Saturday, December 09, 2006

Voting in Virginia

It’s a big weekend in the Diocese of Virginia. Two congregations, Truro Church, Fairfax, and The Falls Church of Falls Church, will begin a process of congregational voting on the issue of whether to stay in the Diocese of Virginia of The Episcopal Church, or to separate themselves and subsequently join the Convocation of Anglicans in North America, associated with the Church of Nigeria – Anglican. Thinking Anglicans calls this to our attention here.

My guess is that the results are predictable. A majority of those voting in these two congregations will probably vote to leave The Episcopal Church.

Not that long ago I was watching the same process take place in Christ Church, Overland Park, Kansas. The congregation took longer to vote – four Sundays, I think, instead of two. However, the vote was entirely predictable. A majority – a supermajority approaching two thirds or better, if I remember correctly – voted to leave the Diocese of Kansas of The Episcopal Church and seek oversight from the Province of Uganda. No one knew exactly what the numbers would be when things started, but almost no one was surprised by the outcome.

You see, by the time of the vote, most of those who might have opposed it had already left the congregation. This was not so much an issue of manipulation or exclusion, although there were those who did feel that way. It was more the case that the clergy had established a clear trajectory, a clear direction for the congregation. It was established by the standards for Bible study and theological reflection, by tone and tenor, more than anything else. The rector became progressively more conservative in his interpretation, at least on some subjects; and there were plenty of folks who found that consistent with their beliefs. Many, and probably most, of those who didn’t find it consistent with The Episcopal Church has they had known it, found a different congregation, one that “fed them spiritually,” as we say; and most had done so well before the Christ Church congregation came to “40 Days of Purpose,” much less to a vote.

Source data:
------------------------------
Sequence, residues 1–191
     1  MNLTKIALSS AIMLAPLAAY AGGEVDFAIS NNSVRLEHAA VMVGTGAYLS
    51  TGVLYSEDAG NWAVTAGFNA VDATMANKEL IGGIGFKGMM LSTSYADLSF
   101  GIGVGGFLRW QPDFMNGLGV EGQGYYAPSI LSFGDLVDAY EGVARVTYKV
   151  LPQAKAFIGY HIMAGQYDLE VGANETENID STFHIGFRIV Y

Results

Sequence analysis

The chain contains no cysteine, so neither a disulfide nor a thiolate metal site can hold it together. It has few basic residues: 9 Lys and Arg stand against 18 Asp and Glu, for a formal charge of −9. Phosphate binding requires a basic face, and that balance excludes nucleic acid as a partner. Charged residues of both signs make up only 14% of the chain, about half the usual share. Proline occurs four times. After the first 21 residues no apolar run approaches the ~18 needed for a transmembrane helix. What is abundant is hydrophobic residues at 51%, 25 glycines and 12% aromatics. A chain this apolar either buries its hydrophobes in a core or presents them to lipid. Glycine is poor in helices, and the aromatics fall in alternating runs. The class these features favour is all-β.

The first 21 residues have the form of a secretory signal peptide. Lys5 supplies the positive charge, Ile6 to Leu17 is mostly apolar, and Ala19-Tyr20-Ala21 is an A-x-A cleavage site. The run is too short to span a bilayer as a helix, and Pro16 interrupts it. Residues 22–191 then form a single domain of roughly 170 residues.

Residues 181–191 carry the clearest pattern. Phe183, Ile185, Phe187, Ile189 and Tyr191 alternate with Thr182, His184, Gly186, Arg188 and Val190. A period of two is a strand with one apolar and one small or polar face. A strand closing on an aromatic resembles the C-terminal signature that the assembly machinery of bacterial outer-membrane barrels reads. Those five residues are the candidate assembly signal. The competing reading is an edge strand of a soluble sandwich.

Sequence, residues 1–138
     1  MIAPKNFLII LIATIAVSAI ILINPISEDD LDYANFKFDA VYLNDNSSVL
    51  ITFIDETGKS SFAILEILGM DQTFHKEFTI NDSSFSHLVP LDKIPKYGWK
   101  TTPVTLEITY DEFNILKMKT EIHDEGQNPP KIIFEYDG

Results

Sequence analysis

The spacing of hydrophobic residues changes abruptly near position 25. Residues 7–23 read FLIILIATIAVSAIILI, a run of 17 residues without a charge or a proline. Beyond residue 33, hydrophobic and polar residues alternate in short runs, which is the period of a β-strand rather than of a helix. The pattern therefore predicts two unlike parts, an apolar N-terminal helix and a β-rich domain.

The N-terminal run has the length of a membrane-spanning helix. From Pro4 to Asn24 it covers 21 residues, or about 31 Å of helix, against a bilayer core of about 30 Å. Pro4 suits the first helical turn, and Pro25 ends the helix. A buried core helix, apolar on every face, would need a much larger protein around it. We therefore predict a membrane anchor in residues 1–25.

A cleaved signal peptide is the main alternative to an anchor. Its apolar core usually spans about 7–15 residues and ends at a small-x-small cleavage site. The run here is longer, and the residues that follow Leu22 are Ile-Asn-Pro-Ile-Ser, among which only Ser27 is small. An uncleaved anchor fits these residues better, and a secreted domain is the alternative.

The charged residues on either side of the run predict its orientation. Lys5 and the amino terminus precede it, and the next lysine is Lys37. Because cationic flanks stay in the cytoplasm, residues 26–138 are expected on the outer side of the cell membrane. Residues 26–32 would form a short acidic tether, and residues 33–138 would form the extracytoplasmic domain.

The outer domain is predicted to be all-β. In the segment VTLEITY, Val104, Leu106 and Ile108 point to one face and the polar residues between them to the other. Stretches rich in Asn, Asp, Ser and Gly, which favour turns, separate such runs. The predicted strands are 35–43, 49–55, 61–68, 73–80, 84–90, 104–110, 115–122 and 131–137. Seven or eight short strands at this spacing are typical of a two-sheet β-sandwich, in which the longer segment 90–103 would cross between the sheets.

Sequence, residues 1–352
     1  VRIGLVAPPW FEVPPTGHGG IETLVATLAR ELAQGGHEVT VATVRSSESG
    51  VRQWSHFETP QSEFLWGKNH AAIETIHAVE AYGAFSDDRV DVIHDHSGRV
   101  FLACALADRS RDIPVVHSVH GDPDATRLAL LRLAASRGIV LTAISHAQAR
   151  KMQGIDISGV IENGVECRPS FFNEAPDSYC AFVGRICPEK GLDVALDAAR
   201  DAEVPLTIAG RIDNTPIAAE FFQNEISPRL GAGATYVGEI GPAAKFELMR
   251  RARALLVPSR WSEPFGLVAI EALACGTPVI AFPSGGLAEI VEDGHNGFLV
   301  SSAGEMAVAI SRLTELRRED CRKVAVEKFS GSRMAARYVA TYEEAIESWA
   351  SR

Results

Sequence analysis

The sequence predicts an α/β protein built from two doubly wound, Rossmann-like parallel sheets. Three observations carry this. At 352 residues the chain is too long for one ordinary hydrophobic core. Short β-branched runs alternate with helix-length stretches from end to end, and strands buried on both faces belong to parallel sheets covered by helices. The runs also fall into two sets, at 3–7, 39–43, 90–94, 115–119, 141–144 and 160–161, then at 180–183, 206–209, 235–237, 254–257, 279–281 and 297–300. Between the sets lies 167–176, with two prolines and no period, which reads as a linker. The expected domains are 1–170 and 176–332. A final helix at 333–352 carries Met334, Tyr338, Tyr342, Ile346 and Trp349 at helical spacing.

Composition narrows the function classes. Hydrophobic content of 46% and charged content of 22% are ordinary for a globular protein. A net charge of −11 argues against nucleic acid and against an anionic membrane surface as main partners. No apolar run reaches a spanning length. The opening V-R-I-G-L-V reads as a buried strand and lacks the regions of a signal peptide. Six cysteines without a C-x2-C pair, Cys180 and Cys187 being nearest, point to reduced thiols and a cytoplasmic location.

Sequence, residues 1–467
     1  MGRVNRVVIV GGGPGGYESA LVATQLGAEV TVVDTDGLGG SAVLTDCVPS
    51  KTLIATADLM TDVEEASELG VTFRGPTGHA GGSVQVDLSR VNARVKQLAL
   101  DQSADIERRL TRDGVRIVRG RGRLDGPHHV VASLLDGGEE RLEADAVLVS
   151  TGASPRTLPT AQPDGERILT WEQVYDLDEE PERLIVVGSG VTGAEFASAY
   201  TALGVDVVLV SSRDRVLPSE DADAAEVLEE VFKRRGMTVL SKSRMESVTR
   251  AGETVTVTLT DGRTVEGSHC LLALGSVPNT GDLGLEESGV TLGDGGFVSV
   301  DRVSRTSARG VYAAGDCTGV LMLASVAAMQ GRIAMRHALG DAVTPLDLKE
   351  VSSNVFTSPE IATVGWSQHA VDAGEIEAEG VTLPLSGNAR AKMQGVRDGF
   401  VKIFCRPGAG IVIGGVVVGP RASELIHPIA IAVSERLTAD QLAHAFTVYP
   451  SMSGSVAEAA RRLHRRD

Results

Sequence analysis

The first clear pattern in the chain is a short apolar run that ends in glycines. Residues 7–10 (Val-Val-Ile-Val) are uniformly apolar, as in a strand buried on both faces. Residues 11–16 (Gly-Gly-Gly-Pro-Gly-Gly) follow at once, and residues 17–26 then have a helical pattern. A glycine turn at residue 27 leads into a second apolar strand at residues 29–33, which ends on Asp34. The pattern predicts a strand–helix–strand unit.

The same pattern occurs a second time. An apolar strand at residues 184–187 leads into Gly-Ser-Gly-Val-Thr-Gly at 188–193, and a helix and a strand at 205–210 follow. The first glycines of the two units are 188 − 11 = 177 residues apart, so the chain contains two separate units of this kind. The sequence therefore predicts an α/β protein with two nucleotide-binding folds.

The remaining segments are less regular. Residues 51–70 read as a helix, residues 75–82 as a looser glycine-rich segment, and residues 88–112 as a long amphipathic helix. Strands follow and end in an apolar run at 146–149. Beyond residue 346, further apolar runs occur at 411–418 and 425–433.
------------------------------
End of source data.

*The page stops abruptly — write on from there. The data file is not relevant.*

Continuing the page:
The current principles and spiritual culture at Truro Church and at The Falls Church are not new. They’ve been on this trajectory for a number of years. They may only now have come to a vote; but I believe them when they say the issues have been simmering for some time. I imagine that those who did not hear Christ at Truro Church or at The Falls Church left some time ago; and that those who stayed were those who did hear Christ in those congregations. Were people run off? Was their church taken away from them? Such things were said by folks who left Christ Church, and I expect they will be said here, too.

But mostly I imagine it’s a case of folks finding or not finding Christ in the particular environments of those two congregations, and then voting with their feet. So, regardless of the hype, it's not recent events, studies, or letters back and forth that will really affect the results of the processes in these parishes. It’s those other votes, cast some time ago, that will do most to determine the votes cast over these next two Sundays.

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